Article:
It seems like everyday I hear about a new form of social media. No longer just Facebook, Twitter or Instagram. There is also Snapchat, ask.fm, Vine and more. And it is all readily available on smart phones, tablets and laptops with one click of the mouse. It is truly hard to keep up with and definitely a bit unnerving, so when licensed clinical psychologist, Dr. Lisa Strohman offers to write a guest post for this blog, I always say yes. And good news, Dr. Strohman has a very useful book out for parents called Unplug Raising Kids in a Technology Addicted World that I highly recommend. She also has a good event to know about on August 19th in Scottsdale that is a FREE parenting seminar for the new school year. Called the “Do’s, Don’ts and Dangers of Social Media” I recommend this for parents plus she will have a book signing immediately following the seminar. You can get details about that here. If you would like to attend or get more information, email Dr. Strohman at drlisa@
Be sure to read on because her guest post today outlines some dangers about technology that you may not have considered and I do believe that knowledge is power when it comes to our kids and their technology. Ignorance is not bliss with this very important subject, so take a look…
Dr. Strohman says:
Understanding the Dangers of Technology
For parents there is nothing more worrisome than something that threatens the wellbeing of our children. Unfortunately, I’ve found that many parents aren’t taking into account the threat that stems from technology.
Parents no longer have the luxury of assuming that when their children are at school or at home they are free from danger. When I speak to parents about the risk of sexual predators, cyber bullying, pornography or gaming addiction, many are dismissive and don’t believe it could affect their children. In the last 10 years working as a psychologist, I’ve learned that it happens all the time. Not only does it happen, it happens to families that have sweet, smart, kind kids with great, loving, involved parents. The Internet allows children to go into corners of the world that are unregulated and unsupervised.
Six is the average age for a child receiving their first phone, and nearly all phones are now equipped with Internet access and data plans that rarely come with usage restrictions. What parents need to understand is children have little to no impulse control. The combination of naiveté and age can create a recipe for disaster.
According to the latest statistics from the Pew Research Center, nearly 92 percent of teens go online daily and 24 percent admit they are constantly connected. With such easy access to the Internet, it is impossible for parents to monitor all of their child’s online activity.
After talking to countless teens and counseling families, I see technology as the new gateway drug. While this may seem a bit dramatic, to help explain I am sharing two very serious dangers our children are now more susceptible to as a result of our increasing dependency on technology.
Sex offenders prey on children by tapping into their insecurities and finding a way to instill a trust. Fortunately and unfortunately, the Internet is a convenient tool for accessing personal information. For the most part, parents are willing participants: posting birthdates, sporting associations, school functions and pictures that have traceable meta tags online for all to see. What many parents don’t realize is sex offenders use these tools to learn what they need to feel liked and important. They use the information to get closer to children through flattery, interest, and sympathy – the very things insecure adolescents crave.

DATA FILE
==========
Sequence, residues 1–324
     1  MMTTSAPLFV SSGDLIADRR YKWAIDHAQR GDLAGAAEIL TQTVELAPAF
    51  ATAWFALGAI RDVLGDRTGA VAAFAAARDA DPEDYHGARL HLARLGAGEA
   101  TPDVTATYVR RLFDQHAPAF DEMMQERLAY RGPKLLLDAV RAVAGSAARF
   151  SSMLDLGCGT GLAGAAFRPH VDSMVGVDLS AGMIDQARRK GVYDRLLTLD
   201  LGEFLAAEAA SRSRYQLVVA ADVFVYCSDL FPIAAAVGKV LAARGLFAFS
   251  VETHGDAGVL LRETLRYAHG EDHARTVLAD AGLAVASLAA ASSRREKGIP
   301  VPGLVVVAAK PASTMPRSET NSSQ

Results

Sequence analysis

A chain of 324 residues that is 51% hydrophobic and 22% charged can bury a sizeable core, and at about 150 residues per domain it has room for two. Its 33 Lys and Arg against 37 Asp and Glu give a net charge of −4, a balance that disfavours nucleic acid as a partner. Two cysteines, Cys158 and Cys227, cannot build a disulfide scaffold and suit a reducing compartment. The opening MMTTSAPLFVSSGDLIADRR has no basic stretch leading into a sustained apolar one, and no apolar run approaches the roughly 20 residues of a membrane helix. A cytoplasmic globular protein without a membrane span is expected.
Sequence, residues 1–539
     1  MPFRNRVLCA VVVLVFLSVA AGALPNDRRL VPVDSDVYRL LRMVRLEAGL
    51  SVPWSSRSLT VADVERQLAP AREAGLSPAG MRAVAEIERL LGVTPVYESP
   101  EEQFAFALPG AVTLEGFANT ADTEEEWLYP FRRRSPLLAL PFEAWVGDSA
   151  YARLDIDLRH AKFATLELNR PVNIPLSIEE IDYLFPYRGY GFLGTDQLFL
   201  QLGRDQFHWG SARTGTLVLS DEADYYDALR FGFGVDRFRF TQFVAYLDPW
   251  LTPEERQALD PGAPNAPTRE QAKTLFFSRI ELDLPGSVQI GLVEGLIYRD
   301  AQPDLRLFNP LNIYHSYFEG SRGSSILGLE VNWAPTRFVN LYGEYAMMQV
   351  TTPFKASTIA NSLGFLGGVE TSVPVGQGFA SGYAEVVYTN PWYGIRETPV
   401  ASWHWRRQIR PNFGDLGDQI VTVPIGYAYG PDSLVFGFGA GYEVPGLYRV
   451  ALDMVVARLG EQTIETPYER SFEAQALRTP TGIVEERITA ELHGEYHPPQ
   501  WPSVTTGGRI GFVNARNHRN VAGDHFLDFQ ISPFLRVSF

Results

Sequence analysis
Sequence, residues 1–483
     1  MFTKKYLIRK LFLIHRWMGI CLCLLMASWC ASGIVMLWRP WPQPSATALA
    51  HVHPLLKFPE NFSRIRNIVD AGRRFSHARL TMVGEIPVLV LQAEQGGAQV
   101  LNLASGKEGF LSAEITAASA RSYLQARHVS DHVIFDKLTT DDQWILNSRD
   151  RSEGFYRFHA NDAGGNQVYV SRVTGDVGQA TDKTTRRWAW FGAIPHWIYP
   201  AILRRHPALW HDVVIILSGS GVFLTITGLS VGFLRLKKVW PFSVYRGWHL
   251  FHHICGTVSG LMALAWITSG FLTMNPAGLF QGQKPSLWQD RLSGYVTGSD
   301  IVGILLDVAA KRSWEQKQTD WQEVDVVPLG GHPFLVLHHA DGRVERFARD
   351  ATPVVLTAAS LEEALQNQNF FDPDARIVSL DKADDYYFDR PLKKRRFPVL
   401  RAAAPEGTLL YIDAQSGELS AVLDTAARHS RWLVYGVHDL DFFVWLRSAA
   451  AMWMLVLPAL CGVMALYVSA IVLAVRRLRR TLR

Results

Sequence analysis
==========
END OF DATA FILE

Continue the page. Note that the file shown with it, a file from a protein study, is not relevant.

Most parents are shocked when I tell them that research indicates nearly 53 percent of boys and 28 percent of girls younger than 15 have viewed pornography online. When you look at the statistics for children up to the age of 18, studies report nine out of 10, or 87 percent, of boys and one out of three girls, 31 percent, admit to accessing porn online. The porn industry is a $97 billion industry worldwide and many of these sites are enlisting children as their newest clients. More alarming, one of the most lucrative aspects of pornography involves children and many children are unaware that they’re entering the pornography industry when they participate in the creation of sexually explicit videos. Once these videos or other graphic material are online there is very little that can be done to remove it.
Knowing and understanding the dangers that potentially face your child online is the first step to preventing these negative interactions from happening. Tomorrow we will share part 2 of my article for this blog. I will share with you some important tips on how to directly combat misuses of technology. Crucial stuff for parents to know in this day and age.
 Brown, J. & L’Engle, K. 2009, Communications Research, 36(1), 129-151, X-Rated: Sexual attitudes and behaviors associated with U.S. early adolescents’ exposure to sexually explicit media.
 Carroll, Jason S., et al. “Generation XXX: Pornography Acceptance and Use Among Emerging Adults. Journal of Adolescent Research 23.1 (2008) 6-30. (Study examined population of emerging adults, aged 18-26)